Canada’s Minister of Public Services and Procurement, Filomena Tassi, announces Canada’s purchase of 1.5 million courses of antiviral pills at a press conference on Friday. Screenshot is taken from Global News broadcast.
By Hafsatou Balde & Sam Konnert
In a week that saw several provinces expand eligibility for booster shots to combat COVID-19, the National Advisory Committee on Immunization on Friday recommended the use of booster shots for people over the age of 18, but emphasized that adults over 50 should be prioritized.
The announcement came among concerns about the new Omicron variant, which was first reported last week.
“It’s still too early to understand what the effect of this variant is going to look like,” said Puja Bagri, a project analyst at the Canadian Institutes of Health Research.
“Our best information is coming from South Africa, but their population is very different in terms of vaccination rates compared to Canada.”
Meanwhile, Filomena Tassi, the Minister of Public Services and Procurement, announced Friday the federal government has signed an agreement with Pfizer and Merck for the purchase of 1.5 million courses of COVID-19 oral antiviral pills, both in stage three of Health Canada authorization.
“Access to effective and easy-to-use treatments is critical to reducing the severity of COVID infections and will help save lives,” the minister said.
Sarthak Sinha, an MD PhD candidate at the University of Calgary who specializes in tissue scarring and cell regeneration, said he sees the antiviral medication as an essential step in attacking the virus at the right time.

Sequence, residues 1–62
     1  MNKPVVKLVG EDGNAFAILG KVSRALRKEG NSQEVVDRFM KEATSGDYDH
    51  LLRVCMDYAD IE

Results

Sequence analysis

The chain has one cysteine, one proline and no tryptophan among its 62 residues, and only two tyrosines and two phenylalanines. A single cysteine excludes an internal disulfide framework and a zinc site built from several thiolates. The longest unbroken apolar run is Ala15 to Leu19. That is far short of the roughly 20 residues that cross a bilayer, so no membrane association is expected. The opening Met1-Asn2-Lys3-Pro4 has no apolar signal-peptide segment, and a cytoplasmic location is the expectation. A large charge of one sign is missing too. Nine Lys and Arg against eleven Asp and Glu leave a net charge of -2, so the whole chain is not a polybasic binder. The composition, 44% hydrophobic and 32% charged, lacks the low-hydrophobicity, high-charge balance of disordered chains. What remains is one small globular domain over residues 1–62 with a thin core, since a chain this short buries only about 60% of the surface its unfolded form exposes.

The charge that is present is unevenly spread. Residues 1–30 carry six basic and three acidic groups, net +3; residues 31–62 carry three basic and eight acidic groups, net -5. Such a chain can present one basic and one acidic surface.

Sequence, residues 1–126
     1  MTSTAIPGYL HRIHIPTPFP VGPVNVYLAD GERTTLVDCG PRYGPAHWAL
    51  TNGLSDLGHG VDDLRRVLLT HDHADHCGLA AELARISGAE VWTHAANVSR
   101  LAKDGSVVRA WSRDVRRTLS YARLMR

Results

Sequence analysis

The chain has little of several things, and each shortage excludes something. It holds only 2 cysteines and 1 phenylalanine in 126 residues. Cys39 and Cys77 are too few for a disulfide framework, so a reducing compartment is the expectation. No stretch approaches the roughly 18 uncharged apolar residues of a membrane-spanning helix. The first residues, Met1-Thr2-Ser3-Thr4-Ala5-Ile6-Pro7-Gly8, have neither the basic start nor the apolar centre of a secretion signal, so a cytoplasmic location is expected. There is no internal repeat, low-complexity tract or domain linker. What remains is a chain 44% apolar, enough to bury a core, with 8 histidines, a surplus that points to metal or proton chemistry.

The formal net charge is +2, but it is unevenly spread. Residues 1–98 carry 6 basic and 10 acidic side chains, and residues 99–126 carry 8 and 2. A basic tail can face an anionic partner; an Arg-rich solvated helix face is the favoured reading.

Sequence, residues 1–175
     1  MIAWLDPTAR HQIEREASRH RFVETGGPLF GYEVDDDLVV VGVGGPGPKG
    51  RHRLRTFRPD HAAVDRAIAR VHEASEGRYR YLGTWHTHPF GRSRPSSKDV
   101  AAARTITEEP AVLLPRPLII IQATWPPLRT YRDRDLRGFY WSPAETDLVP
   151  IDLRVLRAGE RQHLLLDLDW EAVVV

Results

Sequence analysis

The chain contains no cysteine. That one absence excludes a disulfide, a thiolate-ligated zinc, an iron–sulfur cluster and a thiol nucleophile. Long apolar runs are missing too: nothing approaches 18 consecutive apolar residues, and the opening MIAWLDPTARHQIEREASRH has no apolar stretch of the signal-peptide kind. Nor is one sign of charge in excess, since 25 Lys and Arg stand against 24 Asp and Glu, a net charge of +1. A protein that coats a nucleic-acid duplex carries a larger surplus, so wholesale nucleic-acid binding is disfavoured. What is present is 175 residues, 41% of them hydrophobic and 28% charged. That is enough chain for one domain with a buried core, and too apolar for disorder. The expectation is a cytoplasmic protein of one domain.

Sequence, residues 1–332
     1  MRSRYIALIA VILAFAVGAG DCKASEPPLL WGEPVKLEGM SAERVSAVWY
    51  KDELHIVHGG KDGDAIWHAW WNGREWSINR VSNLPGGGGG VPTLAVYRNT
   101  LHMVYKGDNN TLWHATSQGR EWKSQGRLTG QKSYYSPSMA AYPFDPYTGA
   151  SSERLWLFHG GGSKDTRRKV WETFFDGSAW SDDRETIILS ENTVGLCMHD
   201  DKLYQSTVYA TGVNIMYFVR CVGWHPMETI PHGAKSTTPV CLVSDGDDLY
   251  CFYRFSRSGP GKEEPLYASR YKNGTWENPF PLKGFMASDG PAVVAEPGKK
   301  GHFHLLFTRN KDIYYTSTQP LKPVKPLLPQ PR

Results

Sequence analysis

He explained there are two stages to the body’s response to COVID-19, and the pills are most effective in the first stage.
“The antiviral pills the government announced are best administered acutely after symptom onset,” Sinha said.
In the second stage of the body’s response to the virus, according to Sinha, the pill is not as effective. “The late stage of response is when people become hypoxic, they get really sick and have to go to the hospital,” he said.
The second stage of fighting COVID-19 is not driven by the virus, he said, and is instead driven by the body’s hyperinflammatory response.
While steroids like Dexamethasone are good for later stages of infection, he added a combination of the two therapies will have the greatest benefit for patients. “Early intervention mitigates risk for severe disease,” Sinha said. “That’s the overarching concept.”
With the Dec. 1 announcement that Alberta is opening up boosters to those 18 and up and Ontario outlining plans to offer a third dose for people over 50 as of Dec. 13, Bagri said she thinks other provinces may eventually follow suit.
“We should be taking care of key populations that may be more vulnerable first,” Bagri said.
“Testing and sequencing hand-in-hand – that’s how we’re going to really capture the spread of this variant,” Bagri said.
On Friday, the province of Ontario reported 1,031 new cases of COVID-19. It’s the first time since May 30 the number has surpassed 1,000 new cases.
Numbers like this make the possibility of a booster appealing to people like Nitika Sharma, a 26-year-old student at Carleton University who received her second dose back in June.
“Once they ask us to get the shot, I’ll be the first person in line,” she said.